Funding: Pain Relief Foundation
Neuropathic pain (NP) can be caused or triggered by a primary lesion or dysfunction in the peripheral nervous system. In NP states touch that would normally be innocuous is felt as painful (allodynia), and experimental evidence, largely based upon selective nerve block, suggests this phenomenon may be mediated in humans through heterosynaptic central sensitization. However, to date no published data exist about the normality or otherwise of mechanosensitive A-beta function and therefore the potential for a contribution of abnormal firing in otherwise ‘normal’ nerves cannot be excluded. Also, the recently discovered unmyelinated CT afferent mechanoreceptor system has also been implicated in neuropathic pain and allodynia. These fibres, only found in hairy skin, respond preferentially to slow gentle brush stimuli (similar to stimuli which evoke allodynia) and are posited to play a role in affective touch. Animal and human studies suggest these afferents contribute to allodynia in experimental pain. A recent study investigating an experimental model of allodynia in patients lacking large A-beta fibres suggests that in allodynic states CT afferents lose their ability to signal pleasant touch. Controlled studies investigating the role of either A-beta or CT mechanosensitive afferents, or their signalling, in neuropathic pain syndromes are lacking. Given that CTs are not present in glabrous skin there may also be interesting qualitative differences in allodynia when compared to hairy skin. Detailed assessment of the psychophysical differences in neuropathic pain between hairy and glabrous skin have not been performed.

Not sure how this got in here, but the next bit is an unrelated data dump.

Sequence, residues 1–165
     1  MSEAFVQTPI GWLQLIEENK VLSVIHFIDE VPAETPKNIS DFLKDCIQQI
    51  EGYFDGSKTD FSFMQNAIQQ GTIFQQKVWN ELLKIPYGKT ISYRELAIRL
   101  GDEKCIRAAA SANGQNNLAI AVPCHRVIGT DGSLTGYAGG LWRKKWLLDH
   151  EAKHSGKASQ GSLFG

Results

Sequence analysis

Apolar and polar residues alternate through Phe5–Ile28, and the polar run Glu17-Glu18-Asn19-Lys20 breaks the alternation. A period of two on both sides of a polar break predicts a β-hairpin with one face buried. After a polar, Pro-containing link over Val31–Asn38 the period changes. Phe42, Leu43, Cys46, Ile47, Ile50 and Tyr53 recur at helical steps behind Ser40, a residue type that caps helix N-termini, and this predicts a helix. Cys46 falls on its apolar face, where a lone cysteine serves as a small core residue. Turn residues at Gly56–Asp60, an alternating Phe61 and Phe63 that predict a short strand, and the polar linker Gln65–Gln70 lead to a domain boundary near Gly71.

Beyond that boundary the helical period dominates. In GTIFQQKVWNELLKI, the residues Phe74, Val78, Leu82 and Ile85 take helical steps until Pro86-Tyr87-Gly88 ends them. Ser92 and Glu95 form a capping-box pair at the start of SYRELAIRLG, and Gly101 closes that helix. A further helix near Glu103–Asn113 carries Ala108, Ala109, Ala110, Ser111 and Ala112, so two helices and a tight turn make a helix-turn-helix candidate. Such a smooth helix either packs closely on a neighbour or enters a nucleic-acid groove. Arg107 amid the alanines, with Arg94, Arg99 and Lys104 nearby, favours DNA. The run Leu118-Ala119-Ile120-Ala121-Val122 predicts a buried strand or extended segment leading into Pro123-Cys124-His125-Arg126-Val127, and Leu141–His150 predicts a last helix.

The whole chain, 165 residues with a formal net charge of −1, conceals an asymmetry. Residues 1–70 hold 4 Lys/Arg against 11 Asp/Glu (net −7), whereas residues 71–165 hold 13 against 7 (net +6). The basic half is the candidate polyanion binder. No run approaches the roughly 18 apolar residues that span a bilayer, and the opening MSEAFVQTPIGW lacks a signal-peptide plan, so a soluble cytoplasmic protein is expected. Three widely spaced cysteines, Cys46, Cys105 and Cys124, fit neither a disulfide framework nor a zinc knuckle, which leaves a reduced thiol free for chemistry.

The PhD project has three objectives: i) training in microneurography, ii) developing intraneural microstimulation and psychophysical procedures using normal participants coupled with experimental pain manipulations, iii) characterising peripheral nerve fibre function in neuropathic pain patients.